At the end of May the UN’s final report on the impact of austerity on human rights in the UK was published. Philip Alston, the UN rapporteur on extreme poverty sets out a damning 21 pages.
“Close to 40 per cent of children are predicted to be living in poverty by 2021. Food banks have proliferated; homelessness and rough sleeping have increased greatly; tens of thousands of poor families must live in accommodation far from their schools, jobs and community networks; life expectancy is falling for certain groups; and the legal aid system has been decimated.”
He describes a government which has remained determinedly in a state of denial. In response, perhaps not appreciating the irony, the UK Government have dismissed the report as ‘barely believable’.
Reading it I felt the opposite – that it was a horrifyingly accurate picture of the society we have come to expect if not quite accept. I wonder if ‘barely believable’ rings true for the many organisations supporting communities dealing with the many and varied impacts of austerity?
I thought I’d at least sign the petition to make sure it’s debated in Parliament but was disappointed to see that there was one posted at the end of last year (after the interim report) which only attracted 63 signatures and has now closed. One on greyhound muzzling got twice as many. But seriously, in allowing Government to dismiss the report without any kind of fuss we’re basically sending a message that they can go right ahead.
And I do believe that our collective attitudes and diminishing expectations are part of the problem. Alston describes the bottom line being that “much of the glue that has held British society together since the Second World War has been deliberately removed and replaced with a harsh and uncaring ethos. A booming economy, high employment and a budget surplus have not reversed austerity, a policy pursued more as an ideological than an economic agenda.”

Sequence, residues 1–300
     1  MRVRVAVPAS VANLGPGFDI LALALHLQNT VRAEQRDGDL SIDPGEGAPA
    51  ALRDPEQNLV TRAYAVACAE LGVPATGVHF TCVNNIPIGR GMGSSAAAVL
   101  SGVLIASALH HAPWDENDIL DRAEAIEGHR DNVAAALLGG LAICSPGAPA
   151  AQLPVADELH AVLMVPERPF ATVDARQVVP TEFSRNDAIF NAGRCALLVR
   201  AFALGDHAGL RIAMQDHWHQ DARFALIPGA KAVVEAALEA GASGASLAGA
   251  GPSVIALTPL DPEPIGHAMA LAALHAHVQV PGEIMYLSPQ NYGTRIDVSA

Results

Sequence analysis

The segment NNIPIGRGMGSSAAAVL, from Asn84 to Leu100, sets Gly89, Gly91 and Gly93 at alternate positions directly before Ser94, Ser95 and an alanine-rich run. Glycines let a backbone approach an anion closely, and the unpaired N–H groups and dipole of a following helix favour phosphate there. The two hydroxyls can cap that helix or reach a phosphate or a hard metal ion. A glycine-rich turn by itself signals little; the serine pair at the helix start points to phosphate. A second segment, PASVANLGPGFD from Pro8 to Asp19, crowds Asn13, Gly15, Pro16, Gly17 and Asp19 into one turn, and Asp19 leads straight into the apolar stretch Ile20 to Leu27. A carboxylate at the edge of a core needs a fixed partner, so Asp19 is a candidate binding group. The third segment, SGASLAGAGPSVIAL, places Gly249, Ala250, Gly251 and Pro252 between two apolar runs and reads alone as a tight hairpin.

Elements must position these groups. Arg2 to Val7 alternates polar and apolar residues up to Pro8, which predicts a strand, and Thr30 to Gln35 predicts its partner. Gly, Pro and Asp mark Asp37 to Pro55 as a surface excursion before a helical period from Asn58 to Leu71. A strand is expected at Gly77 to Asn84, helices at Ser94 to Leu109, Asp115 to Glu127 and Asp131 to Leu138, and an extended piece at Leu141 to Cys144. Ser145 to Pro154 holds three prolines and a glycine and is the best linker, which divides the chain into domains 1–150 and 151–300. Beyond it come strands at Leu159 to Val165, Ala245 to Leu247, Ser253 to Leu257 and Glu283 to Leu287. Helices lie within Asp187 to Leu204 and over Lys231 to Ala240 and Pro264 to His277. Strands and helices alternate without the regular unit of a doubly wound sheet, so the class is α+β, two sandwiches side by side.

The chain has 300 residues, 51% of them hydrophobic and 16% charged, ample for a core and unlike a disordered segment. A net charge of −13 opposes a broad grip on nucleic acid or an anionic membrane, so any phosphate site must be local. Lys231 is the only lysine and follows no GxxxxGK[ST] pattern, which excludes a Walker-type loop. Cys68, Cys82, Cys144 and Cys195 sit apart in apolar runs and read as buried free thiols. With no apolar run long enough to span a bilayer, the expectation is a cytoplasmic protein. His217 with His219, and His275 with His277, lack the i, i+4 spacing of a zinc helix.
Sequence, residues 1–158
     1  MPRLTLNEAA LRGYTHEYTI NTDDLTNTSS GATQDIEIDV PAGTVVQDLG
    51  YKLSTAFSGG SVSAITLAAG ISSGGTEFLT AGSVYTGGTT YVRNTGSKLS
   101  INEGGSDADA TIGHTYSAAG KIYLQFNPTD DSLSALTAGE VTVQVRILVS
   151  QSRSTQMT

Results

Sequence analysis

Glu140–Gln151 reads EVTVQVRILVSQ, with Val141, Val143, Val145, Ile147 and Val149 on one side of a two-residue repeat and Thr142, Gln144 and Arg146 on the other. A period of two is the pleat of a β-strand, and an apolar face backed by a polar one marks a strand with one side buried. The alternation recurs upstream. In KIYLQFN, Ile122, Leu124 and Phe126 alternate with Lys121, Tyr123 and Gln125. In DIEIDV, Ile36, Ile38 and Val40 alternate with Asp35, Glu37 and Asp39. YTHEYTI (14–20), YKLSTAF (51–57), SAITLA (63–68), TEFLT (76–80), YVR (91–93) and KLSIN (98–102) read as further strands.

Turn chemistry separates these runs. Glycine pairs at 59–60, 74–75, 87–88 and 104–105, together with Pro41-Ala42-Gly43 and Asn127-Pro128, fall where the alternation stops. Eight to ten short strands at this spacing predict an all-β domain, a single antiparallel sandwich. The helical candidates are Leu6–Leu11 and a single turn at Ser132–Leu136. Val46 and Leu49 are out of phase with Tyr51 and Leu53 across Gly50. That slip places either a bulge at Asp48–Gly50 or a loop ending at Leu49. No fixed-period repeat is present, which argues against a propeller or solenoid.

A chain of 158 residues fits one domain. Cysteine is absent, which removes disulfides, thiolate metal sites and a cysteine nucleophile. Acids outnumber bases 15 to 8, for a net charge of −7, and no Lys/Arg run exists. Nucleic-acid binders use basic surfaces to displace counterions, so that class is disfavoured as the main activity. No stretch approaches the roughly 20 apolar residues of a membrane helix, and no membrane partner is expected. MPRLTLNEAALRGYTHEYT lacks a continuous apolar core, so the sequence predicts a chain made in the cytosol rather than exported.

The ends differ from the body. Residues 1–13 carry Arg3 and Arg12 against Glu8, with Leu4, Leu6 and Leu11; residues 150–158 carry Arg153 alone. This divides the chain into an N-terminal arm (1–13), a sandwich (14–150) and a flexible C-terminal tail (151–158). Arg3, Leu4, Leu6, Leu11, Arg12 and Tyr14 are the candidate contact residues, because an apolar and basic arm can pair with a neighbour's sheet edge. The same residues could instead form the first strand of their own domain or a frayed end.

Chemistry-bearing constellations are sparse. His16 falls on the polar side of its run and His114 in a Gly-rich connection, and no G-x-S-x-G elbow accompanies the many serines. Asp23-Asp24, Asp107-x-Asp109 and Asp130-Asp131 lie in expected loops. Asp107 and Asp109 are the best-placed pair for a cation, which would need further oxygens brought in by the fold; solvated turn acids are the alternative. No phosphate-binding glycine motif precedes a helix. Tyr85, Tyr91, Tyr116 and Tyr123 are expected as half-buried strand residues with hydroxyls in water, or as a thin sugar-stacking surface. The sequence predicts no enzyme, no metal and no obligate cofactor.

Scotland and Wales are recognised in the report as having taken certain steps to protect people from the worst impacts of austerity, but that there are quickly limits to the mitigation that is possible. I’d imagine more is always possible, but the role of Scottish Government is surely not to mitigate the negative impacts of decisions in Westminster.
I wondered if Edinburgh at the very least should be sending a message that we’re not prepared to live in the society described by Philip Alston and we’re not prepared to see the difficult reality of many people diminished.
EVOC as a first step are committing to find a way to meaningfully raise this with local partners in Edinburgh such as the NHS, City of Edinburgh Council and the Edinburgh Integration Joint Board. Nationally we will try to get a motion raised in Holyrood.
Any feedback or ideas? Please do get in touch, I’d love to hear from you.